So Tell Me ... What's The Weather Like on YOUR Planet?

26 March, 2009

My Head She Splode

Okay, I thought I was done with the whole Feministing BDSM blowup thing, having had one of those Painful Revelation posts and some vicious snark and all, but I forgot that one of the critical components to a complete internet blowup arc was something full of wack.

And boy, do I have the wack.

The wack is here, from the previously quoted becstar:

How do hetero submissives deal with the fact that they are submitting to a male though? In my mind it's one thing to be a sub but another to not know where your partner's fantasies are coming from. I just cannot imagine why a man would want to dominate a woman wihout it having misogynistic overtones (afterall men are taught there whole lives that women are their sex objects - how is then being allowed to be dominate different?)

I almost don't know where to begin. Actually, I really don't know where to begin.

I mean, we bring the crazy right out with the unstated but obvious presumption that one would "know where your partner's fantasies are coming from" if that partner is of the same sex. I don't know if this is the wombly overmind (thanks for the phrase, sis) thinking by which someone with boobs can transfer sekrit knowledge to someone else with boobs, or the even creepier all-women-are-one-woman assumption that every single woman's fantasy life is rooted in the same stuff. No matter how different the life experiences, background, or actual desires of those women might be: Teh Experience Of Womynhood trumps all. No need to engage in such risque practices as actually talking with one's partner about what one needs to know, the moon time magic will solve everything.

And Teh Experience Of Womynhood considers partnering with/submitting to a male problematic. I'm glad to have been informed of this, my uterine psychic antenna is currently full of placenta, and that totally buggers up the reception, so I didn't get the memo by the usual routes. Now, I've never been not-heterosexual, but I imagine the process for selecting a compatible partner at least somewhat transcends orientation: meet people, evaluate their attractiveness by whatever set of criteria one prefers, evaluate their compatibility by whatever set of criteria one prefers, ascertain their interest, if relevant factors are go, work it out from there. If one doesn't want to be treated like a sex object, or only wants that under certain conditions or circumstances, or whatever else, then that's part of the whole selection process, and one finds one of the many, many people who meet one's orientational requirements and isn't also an asshole.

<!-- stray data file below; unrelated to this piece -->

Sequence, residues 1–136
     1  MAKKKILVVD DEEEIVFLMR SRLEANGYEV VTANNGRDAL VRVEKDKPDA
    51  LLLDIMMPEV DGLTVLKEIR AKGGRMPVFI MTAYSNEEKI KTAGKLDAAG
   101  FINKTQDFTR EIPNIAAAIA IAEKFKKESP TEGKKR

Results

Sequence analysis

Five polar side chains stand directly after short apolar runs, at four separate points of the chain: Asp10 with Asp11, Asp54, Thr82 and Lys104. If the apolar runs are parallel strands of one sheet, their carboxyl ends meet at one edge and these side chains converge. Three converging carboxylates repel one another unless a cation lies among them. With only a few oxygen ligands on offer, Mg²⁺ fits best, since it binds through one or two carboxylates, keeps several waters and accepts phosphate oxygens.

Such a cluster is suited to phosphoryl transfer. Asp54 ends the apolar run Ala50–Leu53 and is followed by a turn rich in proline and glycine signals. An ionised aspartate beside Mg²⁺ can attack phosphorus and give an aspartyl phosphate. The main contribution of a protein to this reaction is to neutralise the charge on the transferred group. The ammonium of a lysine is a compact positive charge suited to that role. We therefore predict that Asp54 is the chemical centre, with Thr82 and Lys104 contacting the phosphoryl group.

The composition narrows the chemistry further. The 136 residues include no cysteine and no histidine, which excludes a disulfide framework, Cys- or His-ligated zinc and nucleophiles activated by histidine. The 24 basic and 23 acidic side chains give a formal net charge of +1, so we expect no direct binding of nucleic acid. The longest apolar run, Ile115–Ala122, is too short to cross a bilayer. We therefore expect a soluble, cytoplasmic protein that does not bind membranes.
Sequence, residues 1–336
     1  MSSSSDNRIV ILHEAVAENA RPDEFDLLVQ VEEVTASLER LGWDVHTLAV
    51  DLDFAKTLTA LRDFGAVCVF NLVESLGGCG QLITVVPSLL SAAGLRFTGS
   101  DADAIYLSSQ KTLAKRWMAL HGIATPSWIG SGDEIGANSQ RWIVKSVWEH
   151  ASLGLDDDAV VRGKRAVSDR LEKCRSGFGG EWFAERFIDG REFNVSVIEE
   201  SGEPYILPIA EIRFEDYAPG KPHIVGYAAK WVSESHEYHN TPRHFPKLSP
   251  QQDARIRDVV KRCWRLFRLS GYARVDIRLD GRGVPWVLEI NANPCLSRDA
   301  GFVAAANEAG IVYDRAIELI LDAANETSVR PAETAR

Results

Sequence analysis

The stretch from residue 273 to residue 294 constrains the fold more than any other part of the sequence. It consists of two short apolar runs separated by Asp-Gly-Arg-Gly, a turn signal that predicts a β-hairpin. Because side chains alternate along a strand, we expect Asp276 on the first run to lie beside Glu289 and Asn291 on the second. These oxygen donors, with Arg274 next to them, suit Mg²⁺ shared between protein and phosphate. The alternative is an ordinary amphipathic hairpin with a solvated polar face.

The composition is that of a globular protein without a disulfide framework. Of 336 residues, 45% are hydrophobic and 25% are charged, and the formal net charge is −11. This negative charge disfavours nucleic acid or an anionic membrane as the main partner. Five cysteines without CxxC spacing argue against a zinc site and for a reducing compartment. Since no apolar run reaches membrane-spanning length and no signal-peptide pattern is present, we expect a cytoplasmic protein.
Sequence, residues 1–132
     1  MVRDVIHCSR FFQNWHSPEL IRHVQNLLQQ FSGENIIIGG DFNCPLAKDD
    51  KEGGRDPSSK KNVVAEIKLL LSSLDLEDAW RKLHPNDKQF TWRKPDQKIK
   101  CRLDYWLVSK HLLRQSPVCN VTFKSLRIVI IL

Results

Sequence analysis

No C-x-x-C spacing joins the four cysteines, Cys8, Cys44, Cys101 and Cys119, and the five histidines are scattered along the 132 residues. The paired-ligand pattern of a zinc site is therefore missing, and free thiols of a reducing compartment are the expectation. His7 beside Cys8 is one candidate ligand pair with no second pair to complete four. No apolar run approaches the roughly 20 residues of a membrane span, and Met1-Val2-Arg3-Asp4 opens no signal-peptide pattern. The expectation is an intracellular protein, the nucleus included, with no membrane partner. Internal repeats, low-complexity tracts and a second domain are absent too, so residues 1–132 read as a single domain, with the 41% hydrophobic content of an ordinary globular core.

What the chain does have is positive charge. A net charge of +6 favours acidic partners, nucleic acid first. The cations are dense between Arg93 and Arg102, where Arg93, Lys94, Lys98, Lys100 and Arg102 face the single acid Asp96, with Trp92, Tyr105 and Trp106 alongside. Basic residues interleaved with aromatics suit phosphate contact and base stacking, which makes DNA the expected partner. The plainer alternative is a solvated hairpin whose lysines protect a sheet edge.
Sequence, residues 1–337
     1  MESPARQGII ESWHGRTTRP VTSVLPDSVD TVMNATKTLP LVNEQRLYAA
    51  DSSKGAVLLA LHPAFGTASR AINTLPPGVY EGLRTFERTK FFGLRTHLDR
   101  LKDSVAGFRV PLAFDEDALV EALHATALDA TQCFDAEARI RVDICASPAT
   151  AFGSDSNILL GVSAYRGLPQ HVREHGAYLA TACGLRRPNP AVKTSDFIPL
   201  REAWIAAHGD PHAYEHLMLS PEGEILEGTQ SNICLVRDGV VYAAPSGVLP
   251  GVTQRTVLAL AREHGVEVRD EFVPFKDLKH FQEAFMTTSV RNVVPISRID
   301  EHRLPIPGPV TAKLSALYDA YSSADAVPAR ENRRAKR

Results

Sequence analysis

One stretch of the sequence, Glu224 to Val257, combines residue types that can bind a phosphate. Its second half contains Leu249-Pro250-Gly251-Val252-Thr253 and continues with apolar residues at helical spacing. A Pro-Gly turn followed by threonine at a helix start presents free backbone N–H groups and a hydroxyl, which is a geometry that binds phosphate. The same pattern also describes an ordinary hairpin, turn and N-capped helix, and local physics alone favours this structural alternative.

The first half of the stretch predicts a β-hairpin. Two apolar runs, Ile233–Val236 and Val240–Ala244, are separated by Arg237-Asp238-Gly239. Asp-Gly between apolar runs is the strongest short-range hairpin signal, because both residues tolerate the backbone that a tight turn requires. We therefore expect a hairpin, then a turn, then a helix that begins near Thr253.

And if I were more inclined to gender-bash based on OMG-people-treated-me-horribly, I for damn sure wouldn't be pursuing my intensely psychological set of kinks with someone of the sex with a member that attempted to systematically destroy my sense of reality and my trust in myself in order to wipe my psyche clean and remake it into a handy little dress-up doll for their fantasies. I'd stick with the sex that had one member try to rape me; the risks are a hell of a lot lower.

(I'm sorry, what? I need to turn in my Experience Of Womynhood membership card now? What's that you say? Sorry, I can't hand it over, it was lost in the mail and never turned up, and I couldn't be arsed ordering a replacement. Take it up with the Post Office.)

"Misogynistic overtones." I wonder what this person's image of domination is. What I see is intense eroticism, care and protection, guidance, devotion, honor, dedication; what I experience is support and the opportunity to be supportive, an environment where I am both whole and valued as I am. Most of the "misogynistic overtones" I've encountered have been in people who wanted to question my kink, with words like 'victim' and 'abuse' and 'brutalisation' and 'violence', painting me as the eternal doormat needing rescue or rehabilitation. Poor woman can't make her own choices, brainwashed by a man, et cetera et cetera and so forth. Hell, dominant women get this too: it's all about the mens, and they should give up their power to suit other people's notion of what power looks like.

Mostly I'm left with this huge sense of rupture between me and wherever that came from. And, y'know, the whole gimmick of this blog is "I feel like a space alien"; it's not often that I'm quite sure that someone's operating from a planet I'm even less familiar with than Earth. A planet with intense gender essentialism and divisions, a female hivemind, and a concept of domination that I can't even perceive, let alone theorise how to describe. Even if I fancied getting kicked in the head enough to make a posting login on Feministing or whatever, I wouldn't begin to know how to respond to that.

Colorless green ideas sleep furiously! Purple monkey dishwasher!

... what?


sexysugarlee said...

I do agree with you on your many excellent points.

Saying that, one of the things that drove me away from my ex was the awareness I came to over the course of our relationship that his desire to be dominant over women did come from a place of misogyny.

It was quite disillusioning for me, and immediately ruined all the kink play between us.

I don't make any assumptions a male dominant automatically brings misogyny to the play. But the experience did make me aware that I can't "let it go" even for kink play - in a relationship. Casual play may be different. I haven't thoroughly tested that as yet.

Hope said...

Yeah, I was tired and not paying that much attention when I read that comment and I started to respond, then when I re-read it to address some specific points I noticed all the crazy. So I just clicked submit as it was and decided to back away slowly.

Anonymous said...